PUBLIC OPINION > Relationship Contracts Are Kind of Sketchy

Living 2012/05/30 21:00:00
Apparently, Mark Zuckerberg made some kind of "relationship contract" with his wife, 27-year-old Priscilla Chan. We're not sure if it's an actual paper-and-ink contract or just a verbal agreement, but it bound him to spend at least one date and 100 minutes of private time with Chan each week, as well as a yearly two-week vacation. Now, that doesn't sound unreasonable, but the term "relationship contract" could be enough to scare some people off. We asked the public if they would agree to one.

Most people wouldn't, but it was far from unanimous. A good 41% of respondents said they would be comfortable with one -- provided the terms were reasonable, of course. Especially if you're, say, Mark Zuckerberg. It's easy to see why Chan might have wanted to ensure that she got to spend time with the founder of the largest social network on the planet. He has a lot on his plate, and it's probably very easy to get sucked into his job. Maybe that's the type of grounding he needs. But most people aren't Zuckerberg. One commenter wrote, "If he wants to make time, he will make time on his own."

Singles Resist

You've got to be in a relationship to agree to a relationship contract (unless you have a very unique case of split personality), and respondents in an unmarried relationship were actually 18% more likely than singles to agree to one. Oddly enough, married couples were not as likely, coming in at 42% -- which is interesting because, as many commenters pointed out, marriage is literally a relationship contract.

Midlife Contract

Younger people and older people were not very likely to agree, but there was a pronounced spike between the ages of 25 and 45. That actually correlates pretty well to the relationship status demographic, assuming young people are often single, middle-aged people are often in relationships, and older people are often married. It also suggests that younger married couples might be more willing to agree.

Drinkers Don't Mind

We suspected drinkers and smokers might be less willing to agree to a contract on the assumption that drinking and smoking could very well be prohibited by such a contract, but the opposite was true. But obviously, no one would happily agree to something they weren't OK with, so maybe the extra 12% of drinkers who would agree are actually eager to quit.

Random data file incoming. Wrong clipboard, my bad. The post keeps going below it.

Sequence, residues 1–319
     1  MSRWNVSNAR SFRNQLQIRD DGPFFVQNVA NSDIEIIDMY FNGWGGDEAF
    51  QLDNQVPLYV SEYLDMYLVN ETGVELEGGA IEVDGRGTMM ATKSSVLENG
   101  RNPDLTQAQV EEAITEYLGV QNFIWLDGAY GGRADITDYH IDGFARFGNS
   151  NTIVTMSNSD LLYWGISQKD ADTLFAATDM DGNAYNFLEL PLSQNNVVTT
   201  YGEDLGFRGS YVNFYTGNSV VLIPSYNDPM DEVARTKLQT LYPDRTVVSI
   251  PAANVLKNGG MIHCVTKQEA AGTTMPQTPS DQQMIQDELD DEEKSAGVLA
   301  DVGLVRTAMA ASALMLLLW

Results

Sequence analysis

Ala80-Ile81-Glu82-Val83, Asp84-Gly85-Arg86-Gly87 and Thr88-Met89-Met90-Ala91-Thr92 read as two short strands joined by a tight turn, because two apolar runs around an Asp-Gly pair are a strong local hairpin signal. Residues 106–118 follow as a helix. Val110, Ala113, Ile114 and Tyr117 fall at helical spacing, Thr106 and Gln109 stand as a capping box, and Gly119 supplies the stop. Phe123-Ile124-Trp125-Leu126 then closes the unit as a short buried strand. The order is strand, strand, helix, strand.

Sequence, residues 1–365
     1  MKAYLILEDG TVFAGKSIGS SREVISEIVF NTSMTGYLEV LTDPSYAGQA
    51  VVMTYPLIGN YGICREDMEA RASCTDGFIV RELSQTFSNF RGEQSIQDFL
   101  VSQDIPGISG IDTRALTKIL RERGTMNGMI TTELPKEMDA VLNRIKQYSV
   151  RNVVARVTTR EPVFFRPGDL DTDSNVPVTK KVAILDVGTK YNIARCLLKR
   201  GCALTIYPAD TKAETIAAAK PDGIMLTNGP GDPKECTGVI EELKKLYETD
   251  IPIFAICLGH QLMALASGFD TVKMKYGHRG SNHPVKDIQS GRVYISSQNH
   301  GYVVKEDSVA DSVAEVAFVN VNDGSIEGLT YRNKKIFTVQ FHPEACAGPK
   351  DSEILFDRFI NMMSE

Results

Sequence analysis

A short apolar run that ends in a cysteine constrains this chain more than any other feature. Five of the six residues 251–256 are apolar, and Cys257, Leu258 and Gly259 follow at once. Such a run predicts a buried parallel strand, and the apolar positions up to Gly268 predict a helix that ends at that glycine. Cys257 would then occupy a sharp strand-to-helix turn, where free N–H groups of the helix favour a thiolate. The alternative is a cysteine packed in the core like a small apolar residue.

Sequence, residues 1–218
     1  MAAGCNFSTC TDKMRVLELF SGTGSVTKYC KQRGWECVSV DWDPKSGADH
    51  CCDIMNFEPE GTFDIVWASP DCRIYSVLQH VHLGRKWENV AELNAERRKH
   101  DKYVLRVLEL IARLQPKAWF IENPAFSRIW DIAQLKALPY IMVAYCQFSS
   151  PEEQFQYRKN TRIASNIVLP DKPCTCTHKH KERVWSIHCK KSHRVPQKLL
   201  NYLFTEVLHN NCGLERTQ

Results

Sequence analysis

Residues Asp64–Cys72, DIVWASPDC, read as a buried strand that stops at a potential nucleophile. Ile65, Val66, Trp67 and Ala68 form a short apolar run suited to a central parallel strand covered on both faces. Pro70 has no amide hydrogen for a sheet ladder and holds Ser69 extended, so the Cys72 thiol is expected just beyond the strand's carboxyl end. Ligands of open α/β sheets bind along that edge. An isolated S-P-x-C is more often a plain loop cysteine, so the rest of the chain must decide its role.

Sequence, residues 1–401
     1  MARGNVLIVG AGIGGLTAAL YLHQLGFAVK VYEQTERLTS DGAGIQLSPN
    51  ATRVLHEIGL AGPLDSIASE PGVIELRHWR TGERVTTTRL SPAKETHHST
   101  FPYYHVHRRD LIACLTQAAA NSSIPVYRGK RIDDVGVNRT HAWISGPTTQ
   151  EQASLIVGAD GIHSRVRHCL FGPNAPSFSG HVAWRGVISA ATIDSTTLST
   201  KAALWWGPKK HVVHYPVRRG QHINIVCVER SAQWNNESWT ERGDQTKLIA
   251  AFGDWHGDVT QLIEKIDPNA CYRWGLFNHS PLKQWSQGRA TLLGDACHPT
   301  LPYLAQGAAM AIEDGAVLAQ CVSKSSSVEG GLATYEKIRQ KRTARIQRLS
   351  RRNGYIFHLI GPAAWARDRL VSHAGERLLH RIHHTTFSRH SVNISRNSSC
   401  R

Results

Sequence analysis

If you'd like to vote on this question, dig deeper into the demographics, or engage in existing discussion about the topic, visit our poll about relationship contracts. We'd love to hear from you!
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Top Opinion

  • HProcks12345 2012/05/30 22:31:52
    those actually exist?!?!?! WTF?!?! I thought they were only real in the strange tv shows that i watch!!!

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  • patchulie TKramar 2012/06/20 19:34:46
    By staying home, are you saying, your wife DOES NOT work
  • TKramar patchulie 2012/06/20 20:14:12
    She works as a homemaker. And it isn't easy.
  • donna191 2012/05/31 01:28:12
    trust is the main thing in any relationship, why ask 4 a contract if u trust em?
  • Jay Calderone 2012/05/31 01:17:07
  • patchulie Jay Cal... 2012/06/14 00:29:04
    I love him too... Bazinga, no really, I do;-)
  • Jay Cal... patchulie 2012/06/14 03:26:54
    Jay Calderone
    Lol, high five!!!
    he's probably the only person who could get away with a relationship contract XD
  • patchulie Jay Cal... 2012/06/28 03:38:01
    But he would call it "the roommate agreement"